N.Y. officer shot to death during traffic stop
By JOHN KEKIS, Associated Press Writer
UTICA, N.Y. — Utica Police Chief C. Allen Pylman isn't likely to forget his last conversation with officer Thomas Lindsey, even though it was ever so brief.
"It was just last week," Pylman said Friday morning. "I saw him in the hallway and asked how he was doing. He said, 'I love this job.'"
Lindsey, in his sixth year on the Utica police force, died doing what he loved, working on the Tactical Unit investigating the tough crimes that regular officers don't have the time to pursue. The 32-year-old former Marine was shot in the head and killed Thursday night, about five minutes after stopping a car for a violation.
"Traffic stops notoriously are the most dangerous. It's always the routine stop," said Pylman, who also served 21 years with the state police. "Even though I never wanted this day to come, I'm not surprised."
Police were called to the scene at 9:20 p.m. after numerous calls to 911 of shots fired. Pylman said Lindsey was wearing his bulletproof vest when he was shot and was pronounced dead at St. Elizabeth Medical Center one hour later.
"These guys could all be my sons," Pylman said. "He was part of our Tactical Unit — that should tell you something. He was one of our steady Eddies."
More than 100 city, state, county and other local law enforcement officers swarmed to the scene of the shooting in front of a weather-beaten two-family home in Utica's crime-ridden Cornhill neighborhood.
State troopers and officers from the Oneida County Sheriff's Department were at the scene Friday helping the search, pelted by rain and sleet as they went door-to-door looking for leads on a windy and bitter spring day.
"You have a jigsaw puzzle with a million pieces," Pylman said. "It's a complex investigation. There are just too many unanswered questions."
"There are suspects," Utica Public Safety Commissioner Philip Taurisano added. "We're just narrowing down who was in the area."
Lindsey is the first city police officer killed while on duty since John Creedon was fatally wounded with a .35-caliber Colt pistol in 1916. Pylman said he had no idea what prompted Thursday night's shooting and said no weapon had been found.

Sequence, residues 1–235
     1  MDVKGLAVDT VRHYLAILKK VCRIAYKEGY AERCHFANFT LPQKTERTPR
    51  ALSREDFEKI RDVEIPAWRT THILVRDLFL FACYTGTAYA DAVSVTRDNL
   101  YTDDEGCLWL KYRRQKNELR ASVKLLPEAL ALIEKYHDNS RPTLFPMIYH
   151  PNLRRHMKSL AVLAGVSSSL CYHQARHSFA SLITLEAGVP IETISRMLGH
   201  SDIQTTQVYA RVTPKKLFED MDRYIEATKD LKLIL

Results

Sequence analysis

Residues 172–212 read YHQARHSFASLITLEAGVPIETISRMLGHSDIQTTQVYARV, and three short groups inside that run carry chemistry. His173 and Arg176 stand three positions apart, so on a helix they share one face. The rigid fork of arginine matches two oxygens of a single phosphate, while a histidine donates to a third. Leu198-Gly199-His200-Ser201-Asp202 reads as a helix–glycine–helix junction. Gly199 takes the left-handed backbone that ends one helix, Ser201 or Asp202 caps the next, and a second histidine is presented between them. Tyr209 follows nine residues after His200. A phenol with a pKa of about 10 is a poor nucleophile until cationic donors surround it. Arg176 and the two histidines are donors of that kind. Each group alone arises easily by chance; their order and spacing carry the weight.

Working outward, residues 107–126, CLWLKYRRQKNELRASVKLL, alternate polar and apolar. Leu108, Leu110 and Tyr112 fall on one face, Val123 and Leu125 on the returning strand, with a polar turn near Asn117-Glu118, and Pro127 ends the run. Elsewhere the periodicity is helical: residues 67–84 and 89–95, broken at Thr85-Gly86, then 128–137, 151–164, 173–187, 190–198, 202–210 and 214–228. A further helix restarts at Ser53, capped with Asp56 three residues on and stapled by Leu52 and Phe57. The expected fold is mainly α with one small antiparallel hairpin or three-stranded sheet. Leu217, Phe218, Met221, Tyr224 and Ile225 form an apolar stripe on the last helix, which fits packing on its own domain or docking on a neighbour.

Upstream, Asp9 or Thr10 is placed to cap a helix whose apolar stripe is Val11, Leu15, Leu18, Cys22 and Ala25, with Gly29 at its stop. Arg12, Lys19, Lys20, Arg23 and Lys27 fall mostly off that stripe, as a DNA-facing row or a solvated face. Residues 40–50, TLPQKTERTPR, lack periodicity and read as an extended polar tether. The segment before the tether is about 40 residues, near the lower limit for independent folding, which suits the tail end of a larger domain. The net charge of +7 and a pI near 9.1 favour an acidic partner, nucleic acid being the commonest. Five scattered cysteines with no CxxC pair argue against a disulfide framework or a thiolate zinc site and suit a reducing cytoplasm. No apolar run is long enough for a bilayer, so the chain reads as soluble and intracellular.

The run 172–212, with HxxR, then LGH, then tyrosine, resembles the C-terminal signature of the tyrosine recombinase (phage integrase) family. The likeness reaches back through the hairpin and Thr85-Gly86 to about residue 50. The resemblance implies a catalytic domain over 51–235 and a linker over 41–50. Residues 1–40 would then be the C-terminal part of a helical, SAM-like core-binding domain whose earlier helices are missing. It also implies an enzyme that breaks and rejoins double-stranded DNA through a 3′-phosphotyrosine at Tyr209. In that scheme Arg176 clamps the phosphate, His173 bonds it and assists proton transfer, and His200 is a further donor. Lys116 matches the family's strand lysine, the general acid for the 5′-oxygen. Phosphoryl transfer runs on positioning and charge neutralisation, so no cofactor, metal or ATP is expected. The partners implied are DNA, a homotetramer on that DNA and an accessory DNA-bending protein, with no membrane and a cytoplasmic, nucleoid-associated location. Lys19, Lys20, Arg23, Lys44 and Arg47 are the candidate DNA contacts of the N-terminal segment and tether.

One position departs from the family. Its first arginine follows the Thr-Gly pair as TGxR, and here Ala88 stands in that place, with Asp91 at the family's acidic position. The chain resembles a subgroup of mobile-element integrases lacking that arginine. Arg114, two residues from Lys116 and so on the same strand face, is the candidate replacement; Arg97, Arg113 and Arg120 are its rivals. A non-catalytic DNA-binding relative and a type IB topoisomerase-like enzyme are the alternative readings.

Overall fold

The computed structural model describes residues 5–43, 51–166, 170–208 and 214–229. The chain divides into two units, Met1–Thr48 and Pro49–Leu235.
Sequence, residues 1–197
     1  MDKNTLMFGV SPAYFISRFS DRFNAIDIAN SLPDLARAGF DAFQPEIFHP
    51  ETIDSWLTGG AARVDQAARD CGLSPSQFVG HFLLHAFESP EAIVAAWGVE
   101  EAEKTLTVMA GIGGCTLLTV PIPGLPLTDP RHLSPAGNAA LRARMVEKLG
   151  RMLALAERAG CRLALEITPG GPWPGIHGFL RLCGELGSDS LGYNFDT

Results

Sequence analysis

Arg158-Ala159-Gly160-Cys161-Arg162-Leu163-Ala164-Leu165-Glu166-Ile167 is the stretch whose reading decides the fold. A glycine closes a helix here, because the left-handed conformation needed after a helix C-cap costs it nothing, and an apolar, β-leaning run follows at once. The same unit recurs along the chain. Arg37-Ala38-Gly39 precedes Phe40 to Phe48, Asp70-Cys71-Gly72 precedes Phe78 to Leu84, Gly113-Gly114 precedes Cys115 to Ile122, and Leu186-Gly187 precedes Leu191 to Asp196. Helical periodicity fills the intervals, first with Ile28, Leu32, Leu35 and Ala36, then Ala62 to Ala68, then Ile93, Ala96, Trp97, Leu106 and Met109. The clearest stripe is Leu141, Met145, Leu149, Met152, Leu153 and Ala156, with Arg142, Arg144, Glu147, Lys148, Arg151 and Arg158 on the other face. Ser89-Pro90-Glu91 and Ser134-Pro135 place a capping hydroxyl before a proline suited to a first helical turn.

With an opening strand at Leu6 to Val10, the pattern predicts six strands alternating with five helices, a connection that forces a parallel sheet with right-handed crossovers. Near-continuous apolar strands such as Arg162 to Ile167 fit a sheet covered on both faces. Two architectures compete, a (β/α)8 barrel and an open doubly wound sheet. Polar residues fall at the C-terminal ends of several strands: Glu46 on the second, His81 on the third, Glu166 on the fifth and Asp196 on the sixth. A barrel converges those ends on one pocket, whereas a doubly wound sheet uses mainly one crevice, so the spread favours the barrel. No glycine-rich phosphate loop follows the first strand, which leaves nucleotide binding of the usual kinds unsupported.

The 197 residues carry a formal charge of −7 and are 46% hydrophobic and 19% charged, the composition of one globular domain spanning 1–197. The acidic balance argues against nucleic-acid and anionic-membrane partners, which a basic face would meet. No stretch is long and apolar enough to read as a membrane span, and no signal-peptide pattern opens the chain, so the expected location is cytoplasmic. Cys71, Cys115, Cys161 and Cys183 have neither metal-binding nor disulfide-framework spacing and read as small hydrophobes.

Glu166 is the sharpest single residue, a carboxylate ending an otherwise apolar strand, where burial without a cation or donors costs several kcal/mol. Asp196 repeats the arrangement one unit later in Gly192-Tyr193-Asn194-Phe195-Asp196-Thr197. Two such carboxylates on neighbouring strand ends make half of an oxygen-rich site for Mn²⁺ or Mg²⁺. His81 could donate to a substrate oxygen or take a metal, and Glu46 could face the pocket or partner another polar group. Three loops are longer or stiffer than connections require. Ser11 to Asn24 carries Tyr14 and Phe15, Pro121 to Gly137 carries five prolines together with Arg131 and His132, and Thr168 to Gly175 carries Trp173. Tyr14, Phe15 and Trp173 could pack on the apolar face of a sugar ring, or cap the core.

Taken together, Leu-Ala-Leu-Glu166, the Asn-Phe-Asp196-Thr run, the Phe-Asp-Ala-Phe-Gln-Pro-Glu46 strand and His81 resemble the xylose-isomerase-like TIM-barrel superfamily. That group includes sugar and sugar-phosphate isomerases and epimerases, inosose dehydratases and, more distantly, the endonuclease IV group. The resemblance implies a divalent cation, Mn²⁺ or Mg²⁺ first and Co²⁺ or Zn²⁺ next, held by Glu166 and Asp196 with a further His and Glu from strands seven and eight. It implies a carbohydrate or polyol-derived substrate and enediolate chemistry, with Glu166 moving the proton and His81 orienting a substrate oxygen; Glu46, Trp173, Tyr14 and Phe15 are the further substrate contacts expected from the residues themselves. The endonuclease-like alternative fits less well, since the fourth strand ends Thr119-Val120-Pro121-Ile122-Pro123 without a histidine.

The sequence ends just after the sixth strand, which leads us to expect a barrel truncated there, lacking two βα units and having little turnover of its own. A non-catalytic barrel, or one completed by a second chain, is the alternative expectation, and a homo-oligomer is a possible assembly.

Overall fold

Pylman said the FBI has offered a $25,000 reward for the arrest of suspects responsible for Lindsey's death.
Police impounded the vehicle Lindsey stopped, a Dodge Neon, which was found a few blocks from the scene of the shooting. Two women were taken into custody and later released, Pylman said. The chief said a child also was found in the vehicle, which was taken to a state police lab in Albany for forensic testing.
The car's owner was being questioned, Pylman said.
Lindsey joined the Utica Police Department on Oct. 8, 2001. His death was the second fatal shooting of a police officer in the Utica area in a little more than a year. In February 2006, Officer Joseph Corr of the police department in the Utica suburb of New Hartford was shot to death while chasing suspects in a jewelry store robbery.
"It's somber, not a lot of conversation going on," said Utica police Sgt. Steve Hauck, who worked with Lindsey for two years on the TAC squad. "Guys are doing their job. I think sometimes you use your job as your crutch. You focus on that. I was glad to go to work, put my uniform on. It was easier for me."
Lindsey, recently divorced, is survived by his parents and two siblings. Funeral arrangements were incomplete.
Copyright Associated Press. All rights reserved. This material may not be published, broadcast, rewritten, or redistributed.
Recommended for you
Join the discussion
PoliceOne top 5
- DC officers cannot record inauguration demonstrators
- Pa. cop sues Wal-Mart over termination for carrying gun on duty
- Slain Fla. officer's cuffs used to arrest suspect
- Pa. troopers union criticizes plan to scrap lie-detector tests for recruits
- Details emerge in shooting of Ariz. trooper by driver he sought to help